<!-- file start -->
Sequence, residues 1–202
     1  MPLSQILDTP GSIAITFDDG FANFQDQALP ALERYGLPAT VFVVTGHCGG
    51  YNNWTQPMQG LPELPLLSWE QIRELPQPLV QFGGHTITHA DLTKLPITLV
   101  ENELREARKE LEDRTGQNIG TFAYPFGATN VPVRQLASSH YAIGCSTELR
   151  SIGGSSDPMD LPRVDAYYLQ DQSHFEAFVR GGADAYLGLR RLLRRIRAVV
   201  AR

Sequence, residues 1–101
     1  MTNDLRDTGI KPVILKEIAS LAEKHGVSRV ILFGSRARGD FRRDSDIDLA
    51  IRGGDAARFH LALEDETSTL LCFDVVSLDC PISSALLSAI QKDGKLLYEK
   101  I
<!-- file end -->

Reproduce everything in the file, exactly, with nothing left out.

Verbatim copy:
Sequence, residues 1–202
     1  MPLSQILDTP GSIAITFDDG FANFQDQALP ALERYGLPAT VFVVTGHCGG
    51  YNNWTQPMQG LPELPLLSWE QIRELPQPLV QFGGHTITHA DLTKLPITLV
   101  ENELREARKE LEDRTGQNIG TFAYPFGATN VPVRQLASSH YAIGCSTELR
   151  SIGGSSDPMD LPRVDAYYLQ DQSHFEAFVR GGADAYLGLR RLLRRIRAVV
   201  AR

Sequence, residues 1–101
     1  MTNDLRDTGI KPVILKEIAS LAEKHGVSRV ILFGSRARGD FRRDSDIDLA
    51  IRGGDAARFH LALEDETSTL LCFDVVSLDC PISSALLSAI QKDGKLLYEK
   101  I